Your neck is broken, your spinal cord is severed and instantly your life has changed dramatically. You are an unwilling prisoner in a body you can see but can no longer move and have no control over.

A C4 complete cervical lesion is the highest-level lesion compatible with the ability to breathe independently.

After the accident, your intellect and personality are intact and you are able to talk, hear, taste, see and breathe. However, you have no sensation or voluntary movement below your clavicles, and no control over all the other bodily functions you previously took for granted.

External help is required to: -

Prepare food and to get it to your mouth.

Wipe your mouth and blow your nose.

Scratch an itch on your head or neck.

Rub an eye that may have a foreign object in it.

Wash, clean your teeth, and comb your hair.

You may require help with coughing at times.

Shouting is nigh impossible.

You cannot reach out and hug someone, they have to hug you.

You need to be lifted regularly in order to relieve pressure on your buttocks or a pressure sore may develop.

You have to be turned every 2 hours during the night to avoid pressure sores.

You suffer from spasms, which are involuntary muscle contractions below the level of the lesion, and these may cause you to fall out of your wheelchair.

You are unable to propel your manual wheelchair other than in a straight line, over a very smooth, level surface and for short distances only. You are unable to turn and move away from anyone who irritates you. You have to be pushed when you are out in public and strangers tend to talk to the person pushing your wheelchair rather than to you.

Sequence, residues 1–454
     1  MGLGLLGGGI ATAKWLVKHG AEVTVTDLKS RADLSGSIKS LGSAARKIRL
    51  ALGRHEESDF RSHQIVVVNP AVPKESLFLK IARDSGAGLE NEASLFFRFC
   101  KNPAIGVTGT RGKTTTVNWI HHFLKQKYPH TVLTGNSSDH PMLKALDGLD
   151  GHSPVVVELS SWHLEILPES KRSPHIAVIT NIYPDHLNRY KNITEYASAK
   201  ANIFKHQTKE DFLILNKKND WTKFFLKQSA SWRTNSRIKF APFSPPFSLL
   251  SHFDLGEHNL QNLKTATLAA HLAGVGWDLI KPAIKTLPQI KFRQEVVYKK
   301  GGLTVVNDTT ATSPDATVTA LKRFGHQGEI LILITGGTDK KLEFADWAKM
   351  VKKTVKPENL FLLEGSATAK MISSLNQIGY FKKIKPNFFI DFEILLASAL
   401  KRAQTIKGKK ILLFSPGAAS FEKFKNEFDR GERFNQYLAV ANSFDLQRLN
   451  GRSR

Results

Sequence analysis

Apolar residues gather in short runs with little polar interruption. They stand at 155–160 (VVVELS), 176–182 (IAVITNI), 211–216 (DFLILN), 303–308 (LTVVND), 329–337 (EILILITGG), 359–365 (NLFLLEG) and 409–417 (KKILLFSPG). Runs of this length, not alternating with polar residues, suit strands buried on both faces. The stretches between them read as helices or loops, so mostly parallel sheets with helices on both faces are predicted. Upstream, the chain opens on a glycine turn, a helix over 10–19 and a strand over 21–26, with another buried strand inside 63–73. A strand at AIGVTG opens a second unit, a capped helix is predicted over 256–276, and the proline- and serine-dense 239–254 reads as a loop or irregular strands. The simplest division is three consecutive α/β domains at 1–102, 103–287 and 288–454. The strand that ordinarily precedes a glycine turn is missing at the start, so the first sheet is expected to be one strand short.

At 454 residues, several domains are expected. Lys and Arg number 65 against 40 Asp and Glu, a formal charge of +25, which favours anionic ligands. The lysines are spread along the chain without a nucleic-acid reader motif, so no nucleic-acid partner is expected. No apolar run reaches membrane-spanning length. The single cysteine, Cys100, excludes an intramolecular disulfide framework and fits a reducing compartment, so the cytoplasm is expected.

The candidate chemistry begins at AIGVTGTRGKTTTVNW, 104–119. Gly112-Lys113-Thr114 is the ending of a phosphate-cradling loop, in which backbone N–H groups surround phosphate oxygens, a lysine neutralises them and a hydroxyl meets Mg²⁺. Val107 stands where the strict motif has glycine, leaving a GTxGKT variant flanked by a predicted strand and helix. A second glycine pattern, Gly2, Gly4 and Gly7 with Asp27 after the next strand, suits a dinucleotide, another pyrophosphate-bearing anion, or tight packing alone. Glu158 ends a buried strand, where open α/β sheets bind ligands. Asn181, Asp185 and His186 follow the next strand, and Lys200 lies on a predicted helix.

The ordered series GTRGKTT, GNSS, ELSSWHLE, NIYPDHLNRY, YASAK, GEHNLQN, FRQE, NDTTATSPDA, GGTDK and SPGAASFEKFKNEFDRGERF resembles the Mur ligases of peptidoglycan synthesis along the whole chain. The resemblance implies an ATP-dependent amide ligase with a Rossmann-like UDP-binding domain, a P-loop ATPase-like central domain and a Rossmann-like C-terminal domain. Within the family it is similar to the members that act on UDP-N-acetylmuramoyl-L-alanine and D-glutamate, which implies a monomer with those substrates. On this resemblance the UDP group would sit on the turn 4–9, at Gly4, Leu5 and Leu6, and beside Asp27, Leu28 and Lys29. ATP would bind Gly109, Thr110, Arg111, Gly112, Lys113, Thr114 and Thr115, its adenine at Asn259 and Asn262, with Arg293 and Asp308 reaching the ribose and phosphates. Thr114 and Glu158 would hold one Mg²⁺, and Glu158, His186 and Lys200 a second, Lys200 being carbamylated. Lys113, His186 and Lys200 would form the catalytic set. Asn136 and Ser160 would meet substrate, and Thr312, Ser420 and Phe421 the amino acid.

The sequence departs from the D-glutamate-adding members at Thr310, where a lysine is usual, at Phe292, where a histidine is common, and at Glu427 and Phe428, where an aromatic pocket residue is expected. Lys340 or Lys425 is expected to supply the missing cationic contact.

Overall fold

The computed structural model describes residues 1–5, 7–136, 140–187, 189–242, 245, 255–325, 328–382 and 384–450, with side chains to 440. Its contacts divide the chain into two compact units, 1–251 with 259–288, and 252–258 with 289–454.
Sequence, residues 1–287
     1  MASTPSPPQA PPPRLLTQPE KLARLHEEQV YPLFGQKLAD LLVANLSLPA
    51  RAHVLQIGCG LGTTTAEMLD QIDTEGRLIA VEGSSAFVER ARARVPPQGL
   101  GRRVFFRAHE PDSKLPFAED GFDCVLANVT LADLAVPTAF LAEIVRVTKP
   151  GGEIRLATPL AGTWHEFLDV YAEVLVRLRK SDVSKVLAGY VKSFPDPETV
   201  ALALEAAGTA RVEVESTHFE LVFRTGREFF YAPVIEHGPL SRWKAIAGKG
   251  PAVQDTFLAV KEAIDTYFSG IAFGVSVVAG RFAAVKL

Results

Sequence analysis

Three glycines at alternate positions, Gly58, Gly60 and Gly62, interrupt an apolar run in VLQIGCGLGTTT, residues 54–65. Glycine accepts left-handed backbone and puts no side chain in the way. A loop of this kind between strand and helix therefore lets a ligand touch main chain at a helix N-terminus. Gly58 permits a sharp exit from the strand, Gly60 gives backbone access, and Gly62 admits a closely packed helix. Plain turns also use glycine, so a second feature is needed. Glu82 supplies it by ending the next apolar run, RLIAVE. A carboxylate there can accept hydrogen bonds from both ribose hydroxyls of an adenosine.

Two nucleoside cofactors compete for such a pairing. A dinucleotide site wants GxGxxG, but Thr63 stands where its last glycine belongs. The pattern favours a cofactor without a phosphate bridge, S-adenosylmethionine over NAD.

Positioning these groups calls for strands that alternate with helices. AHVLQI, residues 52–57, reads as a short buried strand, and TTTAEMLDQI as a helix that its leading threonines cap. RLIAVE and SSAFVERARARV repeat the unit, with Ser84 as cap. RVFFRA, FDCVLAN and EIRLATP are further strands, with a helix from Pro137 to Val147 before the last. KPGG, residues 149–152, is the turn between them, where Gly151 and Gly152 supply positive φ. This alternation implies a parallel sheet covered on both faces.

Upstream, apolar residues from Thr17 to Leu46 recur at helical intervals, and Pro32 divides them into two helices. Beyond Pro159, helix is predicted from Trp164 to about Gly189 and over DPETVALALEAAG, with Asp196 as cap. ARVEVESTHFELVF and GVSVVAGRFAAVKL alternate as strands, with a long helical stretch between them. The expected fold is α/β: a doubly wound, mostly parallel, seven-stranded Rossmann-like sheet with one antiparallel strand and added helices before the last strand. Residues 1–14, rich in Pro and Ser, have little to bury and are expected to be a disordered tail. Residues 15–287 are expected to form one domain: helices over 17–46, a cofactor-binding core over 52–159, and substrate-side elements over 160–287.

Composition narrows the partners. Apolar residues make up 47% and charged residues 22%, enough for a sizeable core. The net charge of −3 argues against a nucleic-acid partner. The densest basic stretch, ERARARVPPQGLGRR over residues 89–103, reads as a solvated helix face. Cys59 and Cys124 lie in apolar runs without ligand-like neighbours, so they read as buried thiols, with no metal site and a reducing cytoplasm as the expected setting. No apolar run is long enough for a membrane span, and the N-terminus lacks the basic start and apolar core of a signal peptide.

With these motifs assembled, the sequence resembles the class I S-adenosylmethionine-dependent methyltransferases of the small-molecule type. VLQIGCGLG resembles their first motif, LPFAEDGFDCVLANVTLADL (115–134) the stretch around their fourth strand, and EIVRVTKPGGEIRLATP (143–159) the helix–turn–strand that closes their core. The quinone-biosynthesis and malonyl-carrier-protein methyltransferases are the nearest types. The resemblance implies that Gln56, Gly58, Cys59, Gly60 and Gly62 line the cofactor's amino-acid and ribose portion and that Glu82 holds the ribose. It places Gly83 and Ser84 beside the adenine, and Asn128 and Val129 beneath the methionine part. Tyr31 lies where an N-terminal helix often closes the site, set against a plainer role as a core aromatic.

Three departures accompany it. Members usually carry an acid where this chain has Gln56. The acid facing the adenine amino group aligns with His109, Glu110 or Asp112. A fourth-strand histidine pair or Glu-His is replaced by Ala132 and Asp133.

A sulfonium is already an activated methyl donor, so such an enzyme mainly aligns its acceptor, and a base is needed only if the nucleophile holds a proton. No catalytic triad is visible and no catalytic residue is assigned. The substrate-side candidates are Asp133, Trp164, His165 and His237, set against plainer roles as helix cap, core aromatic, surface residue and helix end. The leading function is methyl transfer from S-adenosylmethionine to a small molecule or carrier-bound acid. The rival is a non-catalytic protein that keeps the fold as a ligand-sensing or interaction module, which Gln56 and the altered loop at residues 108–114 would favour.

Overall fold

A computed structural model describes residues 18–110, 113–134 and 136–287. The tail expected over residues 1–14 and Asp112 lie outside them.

This is by far the most arduous marathon anyone could attempt. Before this you trained for a marathon with your body. Your mind and determination played a major role. The latter will be put to the test now.

Margaret Thompson
Occupational Therapist
Wits University

“Two Oceans”

I was returning home from participating in the Two Oceans Ultra marathon when the car that I was traveling in burst a tyre and I was flung out of the car. After months in hospital, I returned as a quadriplegic.

I am well rehabilitated and have definitely accepted my condition.

I can now push my wheelchair on even surfaces, but need assistance with some activities of daily living. I feel I am coping well with my impairment and physical disability.

I still have the desire to participate in sport and also some means of employment.

I have faith that I may be able to become more self-reliant.

Tyrone Ruiters
Cheshire Home, Cleary Park
October 2006

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